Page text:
Staff and students from Bridgwater College’s Fisheries department have been working in partnership with Bristol Water and Avon Wildlife Trust on a project with primary school children from four Bristol schools to release the critically endangered common eel back into the wild.

The ‘Spawn to be Wild’ project, which is now in its second year, aims to bring baby eels that have travelled more than 4,000 miles from the Sargasso Sea near the Bahamas into the classroom to be cared for before being released back into the wild at Blagdon Lake.

Children releasing the eels back into Blagdon Lake.

The eels were delivered to the College by Bristol Water just days after being caught in the River Parrett. They were placed in the College’s specialised tanks to begin the critical first feeding phase, which gets the eels used to taking food. Once this process was complete, the College set up tanks in each of the four schools and offered technical support to ensure the eels were being cared for properly to ensure their survival in the wild.

The eels were released by the primary school children into Blagdon Lake at the end of May, where they will live and thrive, before making their return trip to the Sargasso Sea to spawn.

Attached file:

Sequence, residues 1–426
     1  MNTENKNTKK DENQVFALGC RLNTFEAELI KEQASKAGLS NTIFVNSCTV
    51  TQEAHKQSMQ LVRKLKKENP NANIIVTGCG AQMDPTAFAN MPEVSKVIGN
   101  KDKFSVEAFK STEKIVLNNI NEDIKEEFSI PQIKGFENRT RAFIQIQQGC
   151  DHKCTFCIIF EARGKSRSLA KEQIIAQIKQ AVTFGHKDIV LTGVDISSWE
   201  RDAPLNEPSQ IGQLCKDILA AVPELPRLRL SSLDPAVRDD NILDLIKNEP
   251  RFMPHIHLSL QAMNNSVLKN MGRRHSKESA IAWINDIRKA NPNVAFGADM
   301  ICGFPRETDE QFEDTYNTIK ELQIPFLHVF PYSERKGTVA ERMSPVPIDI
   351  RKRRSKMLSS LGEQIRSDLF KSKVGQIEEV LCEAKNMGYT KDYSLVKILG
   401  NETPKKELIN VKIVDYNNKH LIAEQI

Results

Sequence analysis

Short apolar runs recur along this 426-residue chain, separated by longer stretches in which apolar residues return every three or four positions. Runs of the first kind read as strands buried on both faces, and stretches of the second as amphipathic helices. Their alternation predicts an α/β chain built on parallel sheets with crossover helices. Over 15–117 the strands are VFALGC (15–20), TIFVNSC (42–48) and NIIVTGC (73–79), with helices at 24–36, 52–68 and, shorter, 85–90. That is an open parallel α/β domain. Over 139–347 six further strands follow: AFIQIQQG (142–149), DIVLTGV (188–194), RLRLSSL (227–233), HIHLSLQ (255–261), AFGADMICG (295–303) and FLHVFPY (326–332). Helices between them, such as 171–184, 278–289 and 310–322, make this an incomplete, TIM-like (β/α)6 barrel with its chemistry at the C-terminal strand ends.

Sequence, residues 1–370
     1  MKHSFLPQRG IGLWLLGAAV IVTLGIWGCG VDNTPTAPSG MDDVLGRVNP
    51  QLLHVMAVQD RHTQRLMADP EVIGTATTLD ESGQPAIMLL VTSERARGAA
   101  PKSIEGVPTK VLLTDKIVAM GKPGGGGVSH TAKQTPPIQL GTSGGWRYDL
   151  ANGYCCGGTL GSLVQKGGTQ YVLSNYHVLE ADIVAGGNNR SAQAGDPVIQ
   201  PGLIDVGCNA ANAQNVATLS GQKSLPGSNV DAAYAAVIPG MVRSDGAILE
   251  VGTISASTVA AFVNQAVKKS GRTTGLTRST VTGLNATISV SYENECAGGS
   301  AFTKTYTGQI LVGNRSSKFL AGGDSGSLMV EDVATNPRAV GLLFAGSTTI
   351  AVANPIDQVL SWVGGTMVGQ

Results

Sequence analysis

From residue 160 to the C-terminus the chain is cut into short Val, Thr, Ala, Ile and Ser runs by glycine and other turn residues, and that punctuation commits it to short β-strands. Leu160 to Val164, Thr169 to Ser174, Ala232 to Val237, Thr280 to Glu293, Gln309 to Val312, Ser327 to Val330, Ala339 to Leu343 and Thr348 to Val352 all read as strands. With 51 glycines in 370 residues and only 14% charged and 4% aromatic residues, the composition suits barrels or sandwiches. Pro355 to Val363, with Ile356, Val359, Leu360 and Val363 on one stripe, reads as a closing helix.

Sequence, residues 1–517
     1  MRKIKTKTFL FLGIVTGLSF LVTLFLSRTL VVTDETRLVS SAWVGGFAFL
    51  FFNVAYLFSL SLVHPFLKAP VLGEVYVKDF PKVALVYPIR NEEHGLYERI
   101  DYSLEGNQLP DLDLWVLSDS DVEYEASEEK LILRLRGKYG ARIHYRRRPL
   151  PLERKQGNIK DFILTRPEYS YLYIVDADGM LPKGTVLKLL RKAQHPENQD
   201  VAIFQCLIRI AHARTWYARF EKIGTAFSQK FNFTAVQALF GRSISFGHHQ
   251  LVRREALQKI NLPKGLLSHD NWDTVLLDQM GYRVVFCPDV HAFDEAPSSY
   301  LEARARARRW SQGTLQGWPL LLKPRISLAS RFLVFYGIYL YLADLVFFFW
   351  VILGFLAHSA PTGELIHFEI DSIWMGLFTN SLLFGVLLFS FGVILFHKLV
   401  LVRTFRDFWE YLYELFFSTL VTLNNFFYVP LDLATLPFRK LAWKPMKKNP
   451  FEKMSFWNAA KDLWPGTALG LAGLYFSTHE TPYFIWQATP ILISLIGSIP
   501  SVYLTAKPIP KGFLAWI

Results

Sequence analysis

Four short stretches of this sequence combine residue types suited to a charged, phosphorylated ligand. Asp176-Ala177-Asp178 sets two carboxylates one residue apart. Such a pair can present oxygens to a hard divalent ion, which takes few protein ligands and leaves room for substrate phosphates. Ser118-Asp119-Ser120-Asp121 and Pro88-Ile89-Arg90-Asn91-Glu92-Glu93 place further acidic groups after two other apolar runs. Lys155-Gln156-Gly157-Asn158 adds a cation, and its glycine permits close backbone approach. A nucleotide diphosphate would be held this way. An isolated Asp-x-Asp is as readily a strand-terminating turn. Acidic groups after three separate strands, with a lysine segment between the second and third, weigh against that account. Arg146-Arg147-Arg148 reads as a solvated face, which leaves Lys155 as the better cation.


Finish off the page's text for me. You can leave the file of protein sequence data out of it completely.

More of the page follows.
Group learning about the eels with Avon Wildlife Trust before their release.

The involvement in the project, which forms part of Bristol Water's National Environment Programme to open up migration pathways for eels by creating a network of connecting corridors, habitats and migration routes across our landscape, forms just a small part of a longer term strategy of the College to be part of the eels’ recovery.  

Sophie Edwards, Environmental Officer at Bristol Water said,

“Spawn to be Wild is an innovative measure to educate children and restock the eel population at Blagdon Lake. It is fantastic to see the enthusiasm from the children when releasing the eels and enjoying their visit to this important designated wildlife site.”

Iain Turner, Programme Manager for Fisheries Management at Bridgwater College added,

“The eel is critically endangered and with the River Parrett right on our doorstep, and the specific skills and resources the College has available, we are best placed to deliver programmes such as these. By involving schools in such projects, it increases awareness of species, such as eels, which otherwise they might not ever know about.”

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